That shocked me because I thought you went in and you gave your demands and you said what you needed and wanted and why and that would have been it. But they said no, we have to do this, we have to be ladies. That’s when I realized that yeah, all over this whole country it’s run very differently. We have to listen to that and look at that and see how to appeal to people on that level. That was an eye opener.

RT:  What was your experience in Springfield or Massachusetts or East Longmeadow?

CR:  My experiences were good there. I was president of the chapter and enjoyed the women there very,  very much. We did a lot in the community. We did one fun thing. We did a birthday party for Margaret Sanger. We had press on that. We went into the school system, talked to people there, talked to the young people. I think we opened a lot of eyes. I had letters to the editor constantly in the paper because I found the paper very misogynistic and it was the biggest paper in the area. That was the Times Republican News. I was constantly writing them, and they published my letters. And that was fun.

RT:  I know you were also published in Time and Newsweek.

CR:  Also the New York Times.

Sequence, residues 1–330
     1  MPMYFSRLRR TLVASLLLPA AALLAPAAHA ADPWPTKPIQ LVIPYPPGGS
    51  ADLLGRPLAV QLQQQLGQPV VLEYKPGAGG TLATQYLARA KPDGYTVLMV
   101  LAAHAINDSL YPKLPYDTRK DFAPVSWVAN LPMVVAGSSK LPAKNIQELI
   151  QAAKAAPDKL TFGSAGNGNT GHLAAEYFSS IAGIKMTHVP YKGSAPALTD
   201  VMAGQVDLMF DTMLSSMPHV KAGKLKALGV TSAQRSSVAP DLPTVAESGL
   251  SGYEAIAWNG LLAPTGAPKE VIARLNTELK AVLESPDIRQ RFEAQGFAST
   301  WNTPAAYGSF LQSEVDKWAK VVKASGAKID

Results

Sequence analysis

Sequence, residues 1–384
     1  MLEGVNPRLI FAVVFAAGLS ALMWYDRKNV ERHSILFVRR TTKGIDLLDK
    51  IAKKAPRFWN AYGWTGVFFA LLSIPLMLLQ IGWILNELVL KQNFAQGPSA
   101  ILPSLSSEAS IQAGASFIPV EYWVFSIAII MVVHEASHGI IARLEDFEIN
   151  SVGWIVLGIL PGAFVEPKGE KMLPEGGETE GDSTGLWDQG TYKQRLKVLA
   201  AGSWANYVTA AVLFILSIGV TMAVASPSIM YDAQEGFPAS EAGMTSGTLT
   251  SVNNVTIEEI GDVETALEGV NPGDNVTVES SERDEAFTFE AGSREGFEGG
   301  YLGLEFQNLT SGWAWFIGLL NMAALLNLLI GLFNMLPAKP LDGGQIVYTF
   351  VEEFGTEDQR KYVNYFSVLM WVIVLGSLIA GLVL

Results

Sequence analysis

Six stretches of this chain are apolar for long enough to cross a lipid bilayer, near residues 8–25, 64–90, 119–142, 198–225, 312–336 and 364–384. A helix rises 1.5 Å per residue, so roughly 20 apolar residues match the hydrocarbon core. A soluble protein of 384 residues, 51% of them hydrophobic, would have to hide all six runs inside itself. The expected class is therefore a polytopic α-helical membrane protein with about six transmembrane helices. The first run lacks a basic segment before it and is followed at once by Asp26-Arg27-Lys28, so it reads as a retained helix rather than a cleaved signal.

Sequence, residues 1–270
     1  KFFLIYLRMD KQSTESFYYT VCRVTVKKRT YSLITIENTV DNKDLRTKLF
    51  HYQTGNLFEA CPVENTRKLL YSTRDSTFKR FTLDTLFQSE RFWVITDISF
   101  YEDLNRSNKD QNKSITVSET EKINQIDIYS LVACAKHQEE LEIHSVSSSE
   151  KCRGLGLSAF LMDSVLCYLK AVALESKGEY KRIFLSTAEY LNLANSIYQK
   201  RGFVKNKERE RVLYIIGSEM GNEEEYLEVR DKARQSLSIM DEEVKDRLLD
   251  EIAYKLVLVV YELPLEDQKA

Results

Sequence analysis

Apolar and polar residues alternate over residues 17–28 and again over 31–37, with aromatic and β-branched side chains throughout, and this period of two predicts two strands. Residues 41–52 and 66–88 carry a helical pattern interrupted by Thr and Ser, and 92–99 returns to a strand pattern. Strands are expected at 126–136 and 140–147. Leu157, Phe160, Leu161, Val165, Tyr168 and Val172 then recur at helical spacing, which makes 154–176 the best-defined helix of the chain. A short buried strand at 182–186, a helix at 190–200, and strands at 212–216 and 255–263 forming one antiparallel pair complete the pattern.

RT:  You were also involved in National NOW. Tell us about that.

CR:  Ellie Smeal was looking for people who could take time out of their schedules and come volunteer in the national office and work for the Equal Rights Amendment. She came and visited me and asked me would I be willing to take a year? I was not working outside the home at that time. My husband was very excited about it – he thought it’d be a great idea. I picked up, left home, and flew into D.C. and lived with Rosemary [Trowbridge] and Molly Yard and really learned a lot. It was a good experience for me.

RT:  Now that was the summer of ‘81. You were also elected to the national board in 1980. So you were on the board at the time. You were on the board from Massachusetts and then later you moved and you’re also on the board from Texas. And then when you moved to Houston, I believe you’re also on the board from Texas.

CR:  Yes, it was an interesting perspective. It really was.

RT:  Is there anything special you remember from your work on the national board?